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New Reflections on International Trade seeks to take a new and refreshing look at some of the issues affecting the multilateral trading system at the present time. Its editors, Jeremy Streatfeild and Simon Lacey, have both been actively involved in the field of international trade for a number of years, in both an academic as well as practical capacity, working first at the World Trade Institute in Berne, and then the Graduate Institute of International Studies in Geneva. They have both been active in advising developing countries with regard to WTO accession as well as the on-going Doha Round of multilateral trade negotiations. This volume brings together a vibrant combination of experienced and recognized commentators on the subject, such as Tim Josling (Stanford), Pierre Sauve (LSE) and Rakesh Bhala (the University of Kansas). But it also opens the way for younger talent to express their views on a whole range of important issues, such as Xialou Zhu (WTO Appellate Body Secretariat), Fernando Pierola (Advisory Center on WTO Law) and Manleen Dugal (the Commonwealth Secretariat). Other young and upcoming talent who has contributed to this book include Robson Fernandez (WTO Secretariat), Paolo Vergano (O’Connor & Company) and Laura Atlee (formerly Vermulst Verhaeghe & Graafsma and now of Steptoe and Johnson Brussels).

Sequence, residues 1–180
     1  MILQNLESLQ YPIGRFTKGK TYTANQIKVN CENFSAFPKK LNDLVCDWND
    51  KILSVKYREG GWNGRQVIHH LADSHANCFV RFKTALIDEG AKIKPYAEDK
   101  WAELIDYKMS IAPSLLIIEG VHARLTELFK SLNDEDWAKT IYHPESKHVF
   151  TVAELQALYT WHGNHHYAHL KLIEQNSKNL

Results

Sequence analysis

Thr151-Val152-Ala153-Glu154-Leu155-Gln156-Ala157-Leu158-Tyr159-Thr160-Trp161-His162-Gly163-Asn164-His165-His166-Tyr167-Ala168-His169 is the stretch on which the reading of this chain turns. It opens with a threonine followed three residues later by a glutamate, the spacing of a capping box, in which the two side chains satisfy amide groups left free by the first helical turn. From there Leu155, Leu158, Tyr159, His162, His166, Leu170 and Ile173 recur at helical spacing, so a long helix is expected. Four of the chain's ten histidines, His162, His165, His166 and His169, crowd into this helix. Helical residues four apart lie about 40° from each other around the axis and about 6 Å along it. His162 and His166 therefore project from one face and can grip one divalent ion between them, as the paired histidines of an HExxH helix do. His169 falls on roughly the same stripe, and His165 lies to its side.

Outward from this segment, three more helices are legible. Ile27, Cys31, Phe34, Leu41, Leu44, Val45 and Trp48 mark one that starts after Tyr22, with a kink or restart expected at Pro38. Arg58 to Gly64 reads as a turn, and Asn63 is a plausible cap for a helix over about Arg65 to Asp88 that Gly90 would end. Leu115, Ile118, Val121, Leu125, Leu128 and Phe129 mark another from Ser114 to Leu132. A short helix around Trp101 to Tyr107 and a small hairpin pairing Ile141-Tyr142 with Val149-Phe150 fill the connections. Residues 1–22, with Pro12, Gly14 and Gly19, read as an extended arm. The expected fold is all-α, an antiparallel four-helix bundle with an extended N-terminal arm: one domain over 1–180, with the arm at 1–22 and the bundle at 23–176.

The volume includes an introduction by Simon Evenett (University of St Gallen) and a conclusion by Roberto Rios (formerly Director of Studies at the WTI and now a partner at Richardson Rios & Olechowski). The volume contains 15 chapters on a whole range of issues spanning institutional and systemic issues, trade negotiations, trade in agriculture, and WTO accession. It is hoped that this volume will make an important scholarly contribution to the field.
The editors would like to dedicate this volume to Bijit Bora, one of the contributing authors that passed away during the work’s preparation. Bijit, a trade economist at the WTO’s Economic Research Division, was teacher, friend and mentor to many of us who contributed to this volume. We were all shocked by his sudden and early passing, while teaching in South Australia. He is sorely missed and it is with a heavy heart that we dedicate this volume to him and to the loving members of his family who survive him.